Parents of Students Who Die by Suicide Call for Legal Duty of Care to be Imposed on Universities | UK News

In the months leading up to Phoebe Grime’s death, her mother Hilary warned her university that she was struggling.

Phoebe found confinement isolating, and when her father was diagnosed with terminal cancer, it was another blow.

Ms Grime says Phoebe’s tearful phone calls home raised red flags, but she was left in the dark about the seriousness of her daughter’s situation.

“She had a suicide plan,” Ms Grime told Sky News, “in October 2020, about six or seven months before she died, and she told the university about her suicide plan, and they didn’t tell me. haven’t contacted, so I did I don’t know.”

“I think the hardest part is that 20 hours before Phoebe took her own life, she saw the Newcastle University counselor,” Ms Grime added. “And Phoebe in their notes, Newcastle’s own notes, Phoebe said she wished the pain would stop and put her hand on her heart.”

The notes show that in this final session, conducted virtually, the counselor asked Phoebe more probing questions, but she denied that she felt suicidal. Her mother said her refusal should not have been taken literally.

Phoebe Grime and her mother Hilary
Phoebe’s mother, Hilary, is campaigning to impose greater duty of care on universities

“Had they phoned me, like they said they would, I would have been in that car for Newcastle, and I think Phoebe would be here today with me. It’s massive, brutal trauma. “said Ms. Grime.

Newcastle University, where 20-year-old Phoebe studied philosophy, said in a statement: “Phoebe is remembered as a talented and popular student. During her 18 months here, our well-being team being dedicated provided her with ongoing support and guidance.

“The coroner in Phoebe’s inquest could not identify any point where things could have been done differently by the university or by her privy counsel.

“Nevertheless, we continually seek to improve support services and work with key partners to help any student struggling with their Mental Health.”

But Phoebe’s mother and other parents of children who committed suicide as they Higher Education call for a statutory and legal duty of care for students, similar to the duty of care owed by employers to employees.

Oskar Carrick
Oskar Carrick took his own life while a student at Sheffield Hallam University

It would be more comprehensive than the general duty of care, with safeguards enshrined in law.

The parents, who have formed a group called The Lived Experience for Action Right Now (LEARN) Network, have launched a petition which has garnered enough signatures to spark a debate in parliament, with Higher Education Minister Robert Halfon saying he had asked all the universities to register. on the mental health charter agenda by September 2024.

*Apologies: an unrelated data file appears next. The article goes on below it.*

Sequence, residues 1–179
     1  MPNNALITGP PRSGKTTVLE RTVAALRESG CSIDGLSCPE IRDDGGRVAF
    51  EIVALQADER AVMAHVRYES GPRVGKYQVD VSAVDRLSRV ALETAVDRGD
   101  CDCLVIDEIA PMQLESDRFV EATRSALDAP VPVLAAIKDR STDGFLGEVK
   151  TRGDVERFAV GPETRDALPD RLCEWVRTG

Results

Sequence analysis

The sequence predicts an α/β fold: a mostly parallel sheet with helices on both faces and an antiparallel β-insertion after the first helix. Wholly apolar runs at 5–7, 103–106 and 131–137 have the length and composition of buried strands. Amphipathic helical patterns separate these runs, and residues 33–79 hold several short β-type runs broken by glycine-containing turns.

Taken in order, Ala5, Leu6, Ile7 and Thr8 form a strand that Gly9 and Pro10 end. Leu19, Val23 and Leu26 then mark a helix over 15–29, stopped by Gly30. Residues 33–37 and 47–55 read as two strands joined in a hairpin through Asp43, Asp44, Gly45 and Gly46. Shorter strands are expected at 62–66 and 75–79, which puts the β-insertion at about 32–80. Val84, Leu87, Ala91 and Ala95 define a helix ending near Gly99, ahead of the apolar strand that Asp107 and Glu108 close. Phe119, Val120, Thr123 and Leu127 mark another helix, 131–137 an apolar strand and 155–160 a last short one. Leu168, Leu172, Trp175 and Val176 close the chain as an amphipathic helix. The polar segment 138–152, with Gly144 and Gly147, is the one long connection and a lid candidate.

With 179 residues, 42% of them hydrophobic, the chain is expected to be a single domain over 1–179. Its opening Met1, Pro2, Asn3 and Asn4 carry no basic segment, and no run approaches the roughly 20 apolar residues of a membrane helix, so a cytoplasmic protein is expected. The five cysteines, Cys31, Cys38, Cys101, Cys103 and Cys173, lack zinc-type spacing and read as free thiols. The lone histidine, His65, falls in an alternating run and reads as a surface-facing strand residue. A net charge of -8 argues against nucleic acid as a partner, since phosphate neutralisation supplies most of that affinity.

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But while he said he was not closing the door on future legislation, he refrained from committing to new laws.

For Maxine Carrick, that’s not enough. She only discovered after her son Oskar’s suicide that he had already attempted suicide.

And although the inquest into his death heard he didn’t want his family to know, a month after the attempt Oskar gave consent to share information with his mother and GP, but it didn’t. was not applied retrospectively.

“So they didn’t have to tell us about the suicide attempt, they just had to tell us about anything after that,” she told Sky News, but added that she felt the family should have been told that Oskar, who was 20, was approaching his death.

Oskar Carrick
Oskar’s mother thinks the university should have informed her that there were concerns about her son

A spokesperson for Sheffield Hallam University said: “The University community has been saddened by the loss of Oskar, and we would again like to offer our deepest condolences to his family and friends.

“The inquest into Oskar’s tragic death made no reference to any wrongdoing on the part of the university. The coroner also said she was satisfied that the university was entering into national consent discussions. sector-wide.

“We take supporting the mental health and well-being of our students very seriously. In recent years we have significantly increased our resources to provide access to a wide range of support services, while every student has access to dedicated advisors.”

Universities UK, a body representing 140 universities across the country, told Sky News they released new guidelines last year to help universities take a more proactive approach involving trusted contacts when there is serious concerns about a student.

But bereaved parents say only legal change will make a real difference.

Anyone feeling emotionally distressed or suicidal can call the Samaritans for help on 116 123 or email in the UK. In the United States, call your local Samaritans branch or 1 (800) 273-TALK.

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